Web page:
In a variety of industries, organizations spend a great deal of time monitoring waste. The raw materials that go into making products have a direct impact on the bottom line. Every little bit that must be thrown away due to inefficiencies chisels away at profits. Therefore, organizations focus heavily on refining their processes and techniques to reduce the amount of inputs they are wasting.
So, here's a question for us: how do we reduce waste in the mortgage industry? What are the "raw materials" that go into producing our products that we can continually review so as to be as efficient with them as possible? Of course, we do have physical materials that we use -- paper, computer software, office space, etc. There can be waste in these areas -- we could be printing off more things than we need to, not using a particular feature of software that is available to us, or leaving too many rooms in the office vacant. But the real risk of waste lies elsewhere in the mortgage industry.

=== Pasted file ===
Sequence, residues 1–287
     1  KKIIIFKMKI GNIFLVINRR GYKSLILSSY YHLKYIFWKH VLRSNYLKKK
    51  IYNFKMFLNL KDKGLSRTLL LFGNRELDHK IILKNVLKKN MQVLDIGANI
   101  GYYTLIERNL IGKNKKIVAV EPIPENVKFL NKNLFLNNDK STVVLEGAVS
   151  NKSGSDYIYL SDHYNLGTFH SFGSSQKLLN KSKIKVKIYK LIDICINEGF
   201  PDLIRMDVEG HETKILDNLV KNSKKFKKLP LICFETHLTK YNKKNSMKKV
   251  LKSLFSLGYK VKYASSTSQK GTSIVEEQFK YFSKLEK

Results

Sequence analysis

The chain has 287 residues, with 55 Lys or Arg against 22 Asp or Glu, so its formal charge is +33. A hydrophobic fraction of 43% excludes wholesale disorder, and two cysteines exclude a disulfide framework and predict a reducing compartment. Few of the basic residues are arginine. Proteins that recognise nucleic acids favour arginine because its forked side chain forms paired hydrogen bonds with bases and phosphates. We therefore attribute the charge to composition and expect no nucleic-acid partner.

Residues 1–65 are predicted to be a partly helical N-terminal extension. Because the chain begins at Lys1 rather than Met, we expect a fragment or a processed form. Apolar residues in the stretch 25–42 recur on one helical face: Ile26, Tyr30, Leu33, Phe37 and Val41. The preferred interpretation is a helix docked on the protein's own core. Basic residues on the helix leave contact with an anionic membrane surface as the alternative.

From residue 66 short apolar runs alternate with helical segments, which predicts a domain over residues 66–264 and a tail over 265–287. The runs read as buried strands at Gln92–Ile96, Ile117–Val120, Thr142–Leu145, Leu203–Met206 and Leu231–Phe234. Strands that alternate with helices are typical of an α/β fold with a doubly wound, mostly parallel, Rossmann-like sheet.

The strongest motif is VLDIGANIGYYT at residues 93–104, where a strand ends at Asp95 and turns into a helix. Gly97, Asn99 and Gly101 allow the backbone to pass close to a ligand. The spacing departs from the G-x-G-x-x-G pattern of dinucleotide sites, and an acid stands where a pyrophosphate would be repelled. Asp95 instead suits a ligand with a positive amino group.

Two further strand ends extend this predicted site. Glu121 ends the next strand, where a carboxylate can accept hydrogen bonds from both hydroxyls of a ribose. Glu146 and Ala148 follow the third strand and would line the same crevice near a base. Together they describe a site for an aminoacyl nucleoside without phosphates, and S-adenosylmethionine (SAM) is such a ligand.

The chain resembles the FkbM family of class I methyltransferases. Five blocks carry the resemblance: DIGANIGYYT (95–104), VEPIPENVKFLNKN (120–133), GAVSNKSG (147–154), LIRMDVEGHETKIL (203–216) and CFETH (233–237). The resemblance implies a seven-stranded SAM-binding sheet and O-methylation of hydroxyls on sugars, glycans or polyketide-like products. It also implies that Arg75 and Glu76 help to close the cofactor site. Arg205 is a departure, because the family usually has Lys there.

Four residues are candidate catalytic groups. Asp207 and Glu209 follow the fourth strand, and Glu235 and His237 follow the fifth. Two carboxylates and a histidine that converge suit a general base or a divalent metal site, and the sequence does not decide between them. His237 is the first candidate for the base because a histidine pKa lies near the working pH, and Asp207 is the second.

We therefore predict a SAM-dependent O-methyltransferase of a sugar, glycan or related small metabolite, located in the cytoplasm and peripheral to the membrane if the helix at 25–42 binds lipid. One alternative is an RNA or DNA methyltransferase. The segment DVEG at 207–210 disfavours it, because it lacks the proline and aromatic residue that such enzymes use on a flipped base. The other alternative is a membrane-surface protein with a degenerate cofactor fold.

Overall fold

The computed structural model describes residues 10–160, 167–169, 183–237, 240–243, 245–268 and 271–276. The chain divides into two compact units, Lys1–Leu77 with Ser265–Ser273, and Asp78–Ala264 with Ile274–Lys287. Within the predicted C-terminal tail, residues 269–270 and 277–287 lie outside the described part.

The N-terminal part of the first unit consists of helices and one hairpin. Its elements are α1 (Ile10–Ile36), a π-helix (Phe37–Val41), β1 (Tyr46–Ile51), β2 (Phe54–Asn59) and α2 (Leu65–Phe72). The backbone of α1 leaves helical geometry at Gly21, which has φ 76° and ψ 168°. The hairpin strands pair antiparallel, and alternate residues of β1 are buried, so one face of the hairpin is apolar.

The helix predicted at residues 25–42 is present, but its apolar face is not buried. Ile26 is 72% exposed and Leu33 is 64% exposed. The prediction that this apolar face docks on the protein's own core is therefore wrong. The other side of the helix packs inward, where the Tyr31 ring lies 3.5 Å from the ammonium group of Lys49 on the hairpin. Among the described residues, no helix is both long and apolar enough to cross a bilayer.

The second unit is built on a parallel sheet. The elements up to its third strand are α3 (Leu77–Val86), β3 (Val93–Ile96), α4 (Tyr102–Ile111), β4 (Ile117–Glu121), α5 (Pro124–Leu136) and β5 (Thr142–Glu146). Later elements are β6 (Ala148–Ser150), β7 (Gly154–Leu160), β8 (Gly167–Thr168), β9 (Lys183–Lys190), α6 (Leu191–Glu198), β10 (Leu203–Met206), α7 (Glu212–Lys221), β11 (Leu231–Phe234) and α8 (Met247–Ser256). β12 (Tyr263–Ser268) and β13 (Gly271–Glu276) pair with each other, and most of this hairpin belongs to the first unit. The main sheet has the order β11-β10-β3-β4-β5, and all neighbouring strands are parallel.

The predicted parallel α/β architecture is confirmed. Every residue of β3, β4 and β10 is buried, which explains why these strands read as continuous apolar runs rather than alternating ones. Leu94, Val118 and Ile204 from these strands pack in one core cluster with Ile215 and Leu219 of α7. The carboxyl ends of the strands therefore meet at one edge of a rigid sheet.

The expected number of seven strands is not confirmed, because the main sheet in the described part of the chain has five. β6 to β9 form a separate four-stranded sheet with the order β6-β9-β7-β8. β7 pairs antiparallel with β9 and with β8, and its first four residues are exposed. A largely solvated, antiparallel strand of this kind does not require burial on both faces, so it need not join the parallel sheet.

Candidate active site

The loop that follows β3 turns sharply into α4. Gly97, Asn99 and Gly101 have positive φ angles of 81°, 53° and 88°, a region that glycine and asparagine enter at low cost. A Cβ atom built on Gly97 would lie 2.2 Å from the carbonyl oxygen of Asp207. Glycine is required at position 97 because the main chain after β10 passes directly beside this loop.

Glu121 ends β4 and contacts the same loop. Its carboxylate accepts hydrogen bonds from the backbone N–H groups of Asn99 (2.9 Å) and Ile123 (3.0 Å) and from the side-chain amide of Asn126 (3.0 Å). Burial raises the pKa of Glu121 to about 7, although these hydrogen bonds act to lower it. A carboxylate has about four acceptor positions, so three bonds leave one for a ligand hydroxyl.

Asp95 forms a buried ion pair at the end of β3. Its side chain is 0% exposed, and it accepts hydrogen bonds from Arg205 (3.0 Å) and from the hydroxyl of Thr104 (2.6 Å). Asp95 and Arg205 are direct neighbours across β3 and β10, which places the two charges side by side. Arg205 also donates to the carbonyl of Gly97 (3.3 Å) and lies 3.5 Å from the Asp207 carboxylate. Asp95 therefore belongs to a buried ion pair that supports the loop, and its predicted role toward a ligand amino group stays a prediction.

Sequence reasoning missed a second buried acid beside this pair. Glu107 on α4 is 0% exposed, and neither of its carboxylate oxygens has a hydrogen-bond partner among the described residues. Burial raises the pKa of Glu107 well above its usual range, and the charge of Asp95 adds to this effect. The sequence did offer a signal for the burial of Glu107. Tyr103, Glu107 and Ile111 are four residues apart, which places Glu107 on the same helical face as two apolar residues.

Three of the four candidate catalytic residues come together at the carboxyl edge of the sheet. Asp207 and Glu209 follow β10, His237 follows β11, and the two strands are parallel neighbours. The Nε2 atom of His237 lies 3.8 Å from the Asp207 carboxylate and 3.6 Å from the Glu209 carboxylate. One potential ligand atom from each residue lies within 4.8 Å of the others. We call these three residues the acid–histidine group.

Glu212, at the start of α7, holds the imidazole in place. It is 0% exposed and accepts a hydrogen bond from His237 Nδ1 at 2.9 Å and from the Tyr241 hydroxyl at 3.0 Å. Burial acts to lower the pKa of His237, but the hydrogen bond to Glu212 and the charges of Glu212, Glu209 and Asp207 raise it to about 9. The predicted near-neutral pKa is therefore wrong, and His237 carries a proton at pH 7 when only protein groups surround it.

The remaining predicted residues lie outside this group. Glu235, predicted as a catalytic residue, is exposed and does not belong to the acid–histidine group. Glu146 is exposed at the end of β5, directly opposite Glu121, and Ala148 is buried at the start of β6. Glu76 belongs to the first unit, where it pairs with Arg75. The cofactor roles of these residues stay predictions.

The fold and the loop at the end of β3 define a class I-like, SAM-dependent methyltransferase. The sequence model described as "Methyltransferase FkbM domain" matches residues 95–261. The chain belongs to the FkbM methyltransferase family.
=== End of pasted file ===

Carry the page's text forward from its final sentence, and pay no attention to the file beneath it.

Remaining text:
As with any service-oriented industry, the real risk of waste lies not in physical materials but rather in time. If we are incurring a great deal of loss in the mortgage industry, it isn't likely because we're going through too many ink pens; it's more likely because we're wasting time. As leaders in the mortgage industry, this is the waste we need to be monitoring. We need to make sure our people are spending their time doing things that matter -- things that save the business money or make the business money. Idle time in the mortgage industry is like letting raw materials go to waste. Lost time is literally pouring money down the drain.